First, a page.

2013-2017, European Union Marie Curie FP7 ITN, co-PI with 16 other institutions, including industry, with co-ordinating co-PI Grant Lythe (Leeds).
  • "Indo-European research network in mathematics for health and disease",
    2013-2017, European Union Marie Curie FP7 IRSES, co-PI with five other institution, co-ordinating co-PI Carmen Molina-Paris (Leeds),
  • "Single cell lineage tracing to understand hematopoietic development and differentiation",
    2012-2015, Human Frontier Science Program Research Grant, co-PI with Andrew Cohen (Drexel), Philip Hodgkin (WEHI), Shalin Naik (WEHI) and Ton Schumacher (NKI).
  • "FLAVIA: Flexible architecture for virtualizable future wireless internet access"
    2010-2013, European Union Framework 7 Strep Grant, collaborator, ten partner academic and industry grant led by Giuseppe Bianchi (U. Rome), and locally by David Malone.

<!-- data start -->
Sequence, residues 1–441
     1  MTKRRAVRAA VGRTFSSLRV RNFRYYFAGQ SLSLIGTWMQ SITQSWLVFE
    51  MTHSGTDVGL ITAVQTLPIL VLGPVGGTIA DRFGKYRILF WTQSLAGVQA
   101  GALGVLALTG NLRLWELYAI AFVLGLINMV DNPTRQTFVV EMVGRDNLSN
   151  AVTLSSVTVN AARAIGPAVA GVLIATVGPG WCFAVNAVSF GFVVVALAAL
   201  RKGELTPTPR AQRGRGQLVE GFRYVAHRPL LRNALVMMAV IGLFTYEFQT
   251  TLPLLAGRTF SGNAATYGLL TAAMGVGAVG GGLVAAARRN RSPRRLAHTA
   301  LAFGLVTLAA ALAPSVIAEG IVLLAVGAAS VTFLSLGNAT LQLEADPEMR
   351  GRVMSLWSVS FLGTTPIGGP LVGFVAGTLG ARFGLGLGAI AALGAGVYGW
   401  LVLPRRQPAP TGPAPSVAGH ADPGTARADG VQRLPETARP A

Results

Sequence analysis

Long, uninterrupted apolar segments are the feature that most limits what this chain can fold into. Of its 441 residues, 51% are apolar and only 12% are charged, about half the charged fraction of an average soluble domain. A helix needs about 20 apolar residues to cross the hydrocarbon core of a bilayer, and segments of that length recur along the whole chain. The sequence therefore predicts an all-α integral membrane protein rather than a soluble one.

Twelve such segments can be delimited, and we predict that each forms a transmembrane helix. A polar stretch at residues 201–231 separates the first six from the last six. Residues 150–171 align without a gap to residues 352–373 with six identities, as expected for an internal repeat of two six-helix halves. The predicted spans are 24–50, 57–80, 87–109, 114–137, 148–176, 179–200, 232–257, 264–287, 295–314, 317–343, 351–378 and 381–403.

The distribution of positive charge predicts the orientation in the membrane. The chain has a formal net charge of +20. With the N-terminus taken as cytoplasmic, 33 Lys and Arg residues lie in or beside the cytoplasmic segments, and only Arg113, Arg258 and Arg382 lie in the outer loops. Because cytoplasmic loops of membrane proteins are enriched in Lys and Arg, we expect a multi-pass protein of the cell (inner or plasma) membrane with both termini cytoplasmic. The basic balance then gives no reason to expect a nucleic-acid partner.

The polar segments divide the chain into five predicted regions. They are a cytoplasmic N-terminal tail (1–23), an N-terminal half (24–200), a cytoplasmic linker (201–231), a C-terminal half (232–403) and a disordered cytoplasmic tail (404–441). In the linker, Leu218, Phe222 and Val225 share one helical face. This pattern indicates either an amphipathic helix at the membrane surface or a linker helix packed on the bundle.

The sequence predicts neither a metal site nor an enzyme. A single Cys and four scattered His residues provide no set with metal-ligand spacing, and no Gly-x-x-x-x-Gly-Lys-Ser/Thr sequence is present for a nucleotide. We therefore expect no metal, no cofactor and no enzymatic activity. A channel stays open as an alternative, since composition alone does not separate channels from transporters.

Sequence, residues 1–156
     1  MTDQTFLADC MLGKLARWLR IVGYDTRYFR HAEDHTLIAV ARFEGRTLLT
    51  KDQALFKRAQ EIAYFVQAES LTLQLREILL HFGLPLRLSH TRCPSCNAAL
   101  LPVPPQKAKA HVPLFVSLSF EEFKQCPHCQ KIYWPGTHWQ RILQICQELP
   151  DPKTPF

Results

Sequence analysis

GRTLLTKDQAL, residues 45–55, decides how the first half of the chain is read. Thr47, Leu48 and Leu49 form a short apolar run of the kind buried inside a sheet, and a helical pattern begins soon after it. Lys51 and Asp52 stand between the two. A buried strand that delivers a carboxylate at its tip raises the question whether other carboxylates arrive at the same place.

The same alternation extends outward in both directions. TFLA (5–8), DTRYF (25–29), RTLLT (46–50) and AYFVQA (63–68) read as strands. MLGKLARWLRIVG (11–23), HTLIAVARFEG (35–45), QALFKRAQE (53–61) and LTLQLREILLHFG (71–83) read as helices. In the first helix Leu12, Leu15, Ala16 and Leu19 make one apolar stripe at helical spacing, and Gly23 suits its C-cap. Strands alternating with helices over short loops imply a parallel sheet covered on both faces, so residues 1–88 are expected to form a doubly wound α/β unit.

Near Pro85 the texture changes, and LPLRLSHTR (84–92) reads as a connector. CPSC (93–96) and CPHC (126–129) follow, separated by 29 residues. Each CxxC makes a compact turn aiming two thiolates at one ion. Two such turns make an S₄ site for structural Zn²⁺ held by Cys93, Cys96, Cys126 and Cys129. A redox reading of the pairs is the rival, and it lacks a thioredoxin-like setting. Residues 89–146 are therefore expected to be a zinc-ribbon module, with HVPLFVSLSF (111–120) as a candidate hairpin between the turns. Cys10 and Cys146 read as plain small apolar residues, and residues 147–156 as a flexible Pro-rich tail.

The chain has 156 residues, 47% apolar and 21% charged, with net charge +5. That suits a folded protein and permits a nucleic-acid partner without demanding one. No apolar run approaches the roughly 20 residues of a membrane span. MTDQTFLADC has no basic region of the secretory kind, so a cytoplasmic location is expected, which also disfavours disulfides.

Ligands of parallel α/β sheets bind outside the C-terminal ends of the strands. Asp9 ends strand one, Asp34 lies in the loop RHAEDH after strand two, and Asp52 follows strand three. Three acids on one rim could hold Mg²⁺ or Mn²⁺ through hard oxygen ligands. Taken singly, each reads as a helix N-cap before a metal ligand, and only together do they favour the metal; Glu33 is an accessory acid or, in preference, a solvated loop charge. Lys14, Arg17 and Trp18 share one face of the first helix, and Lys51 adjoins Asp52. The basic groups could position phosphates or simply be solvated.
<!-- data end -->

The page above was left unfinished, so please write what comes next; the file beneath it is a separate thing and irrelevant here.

• "Mathematical modelling of lymphocyte proliferation and differentiation during an adaptive immune response",
    2009, Science Foundation Ireland Short-term Travel Fellowship to visit Philip Hodgkin.
  • "Using 802.11 medium access control layer measurements to understand and improve network performance",
    2007-2010, Science Foundation Ireland Research Frontiers Programme, PI, with David Malone as co-PI.


Current postdocs

  • Tom Weber.

Current graduate-students

  • Neil Gurram (at MIT).
  • Alexander Miles.
  • Gianfelice Meli.
  • Harry Tideswell.
  • Giulio Prevedello.

Past graduate-students

  • Mark Christiansen, Ph.D. (National University of Ireland Maynooth), 2015.